CHARLOTTE, N.C. -- No one should be surprised that Kevin Kisner is atop the leaderboard at the PGA Championship. Kevin Kisner certainly isn’t.
While he doesn’t get mentioned in the same breath as names like McIlroy, Johnson, Spieth or Day, over the past two years he’s been one of the most consistent players in the game.
On Friday, the golfer who lives just two hours south of Charlotte posted his second consecutive round of 67 and had a four-shot lead.
Yes, Kisner is this good. He’s won an event in each of the last two seasons, had six more runner-up finishes and made it to the Tour Championship in 2015 and ’16.
It’s only at the majors where he has failed to show up. In 11 past appearances in majors, Kisner has never been a factor. His best finish is a tie for 12th, that coming at the 2015 U.S. Open. This year, while he made the cut in each of the first three, a tie for 43rd at the Masters was the best he could muster.
Now he’s ready to change that.
“I've been upset with how I've played in the majors so far in my career,” he said. “I feel like I have the game to compete in majors, and tons of 30th- to 40th-, 50th-place finishes. That's kind of been our goal for the year. We haven't played well in them yet this year but every year you learn more about the majors and how to approach them.”
So far, around Quail Hollow, Kisner has been able to do what no other player has managed – figure out the greens and roll in some decent-length putts. After 36 holes, he was first in Strokes Gained: Putting, having holed 181 feet of putts.
While many in the field struggle with the slopes of the putting surfaces or with trying to figure out the grain of the Bermuda grass, Kisner drained a 23-footer for eagle on the seventh, and added three more birdies on 10, 12 and 15. A bogey on 13 was the only blemish on his card.
“I'm really fired up about it the way I'm hitting the golf ball,” Kisner said. “I haven't hit it this well this whole summer. A lot of averages finishes. When I start hitting it the way I am now, I play well.”
The Aiken, S.C., product has come a long way. Not that long ago, he figured his game was so poor he considered quitting. In fact, he wasn’t thinking about majors, he was worried more about shanking a ball into one of his playing partners. He’d acquired a bad case of the shanks and to avoid embarrassment – and possibly his pals’ doctor’s bills – he played alone.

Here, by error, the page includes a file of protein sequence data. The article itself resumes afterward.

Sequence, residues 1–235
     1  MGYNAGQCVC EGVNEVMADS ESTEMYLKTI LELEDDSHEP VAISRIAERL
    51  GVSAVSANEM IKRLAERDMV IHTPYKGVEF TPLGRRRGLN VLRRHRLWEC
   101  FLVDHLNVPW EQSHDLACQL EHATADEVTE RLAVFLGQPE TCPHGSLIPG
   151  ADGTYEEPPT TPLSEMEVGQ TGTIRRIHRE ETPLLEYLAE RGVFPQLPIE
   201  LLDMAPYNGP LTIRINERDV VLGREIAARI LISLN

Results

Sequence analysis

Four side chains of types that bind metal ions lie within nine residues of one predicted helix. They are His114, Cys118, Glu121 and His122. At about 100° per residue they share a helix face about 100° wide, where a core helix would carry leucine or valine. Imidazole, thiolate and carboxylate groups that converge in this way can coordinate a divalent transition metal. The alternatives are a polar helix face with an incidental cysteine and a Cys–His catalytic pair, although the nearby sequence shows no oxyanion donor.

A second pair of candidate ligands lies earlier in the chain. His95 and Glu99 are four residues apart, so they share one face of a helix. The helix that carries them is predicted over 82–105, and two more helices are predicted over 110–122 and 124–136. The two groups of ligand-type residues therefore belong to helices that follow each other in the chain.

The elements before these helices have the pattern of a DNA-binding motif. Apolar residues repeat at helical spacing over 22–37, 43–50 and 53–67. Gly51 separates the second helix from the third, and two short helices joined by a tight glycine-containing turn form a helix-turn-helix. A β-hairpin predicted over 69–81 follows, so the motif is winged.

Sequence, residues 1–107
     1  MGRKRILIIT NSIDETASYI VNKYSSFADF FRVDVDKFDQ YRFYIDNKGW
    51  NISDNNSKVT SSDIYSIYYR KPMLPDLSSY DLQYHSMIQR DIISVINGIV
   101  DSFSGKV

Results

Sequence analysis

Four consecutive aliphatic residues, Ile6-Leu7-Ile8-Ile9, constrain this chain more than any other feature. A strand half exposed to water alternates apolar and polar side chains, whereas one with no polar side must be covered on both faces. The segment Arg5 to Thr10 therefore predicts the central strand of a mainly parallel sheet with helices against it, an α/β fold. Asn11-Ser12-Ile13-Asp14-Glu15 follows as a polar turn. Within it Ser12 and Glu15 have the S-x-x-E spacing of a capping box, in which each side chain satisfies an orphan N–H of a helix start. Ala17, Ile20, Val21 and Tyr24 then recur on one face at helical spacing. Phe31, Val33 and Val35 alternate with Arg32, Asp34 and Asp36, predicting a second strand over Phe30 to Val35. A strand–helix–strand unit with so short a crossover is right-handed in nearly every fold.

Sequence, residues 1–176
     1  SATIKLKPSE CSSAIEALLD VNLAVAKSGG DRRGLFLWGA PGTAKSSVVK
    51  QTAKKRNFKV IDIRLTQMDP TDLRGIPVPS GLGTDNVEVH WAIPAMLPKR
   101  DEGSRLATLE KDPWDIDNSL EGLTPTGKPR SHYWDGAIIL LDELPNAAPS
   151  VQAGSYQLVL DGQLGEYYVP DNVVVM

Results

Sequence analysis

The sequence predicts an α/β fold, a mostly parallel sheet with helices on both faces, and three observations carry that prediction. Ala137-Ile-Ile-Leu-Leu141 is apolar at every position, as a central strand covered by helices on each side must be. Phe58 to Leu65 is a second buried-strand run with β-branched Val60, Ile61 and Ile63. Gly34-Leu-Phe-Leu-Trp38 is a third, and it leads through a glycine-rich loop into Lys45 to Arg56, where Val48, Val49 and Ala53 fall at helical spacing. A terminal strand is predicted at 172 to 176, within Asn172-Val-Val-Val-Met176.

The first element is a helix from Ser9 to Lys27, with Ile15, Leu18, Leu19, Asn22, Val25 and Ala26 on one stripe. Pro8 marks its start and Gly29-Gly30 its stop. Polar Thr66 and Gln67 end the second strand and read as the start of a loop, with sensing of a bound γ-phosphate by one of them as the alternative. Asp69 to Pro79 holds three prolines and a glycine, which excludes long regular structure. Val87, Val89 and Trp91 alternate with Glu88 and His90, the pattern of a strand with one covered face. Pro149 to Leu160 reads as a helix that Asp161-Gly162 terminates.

But lots of hard work with his coach, John Tillery, grooved his swing and restored his confidence. His play started to shine through and his enjoyment of the game returned.
“I've always played other sports throughout my life, and I've never been the biggest guy, so I had to find a way to get things done,” he said. “That's why I play golf now because I was better than everybody else at golf. I like beating people and I like competing, and that's kind of how I was raised.”
Needless to say, Kisner will be breaking new ground as he heads to the weekend with the lead. But he doesn’t seem worried about being at the top of the leaderboard and looking down at the world-class chasers.
“At the end of the day, it's just golf, right?” he stated. “I have to hit my tee ball where I'm trying to look, and if I don't, I have to find a way to get the ball in the hole the fastest. I think players spend too much work into figuring out golf courses, instead of just getting the ball in the hole.”If Kisner can continue getting the ball in the hole, as he’s done so far, he’ll certainly make a name for himself.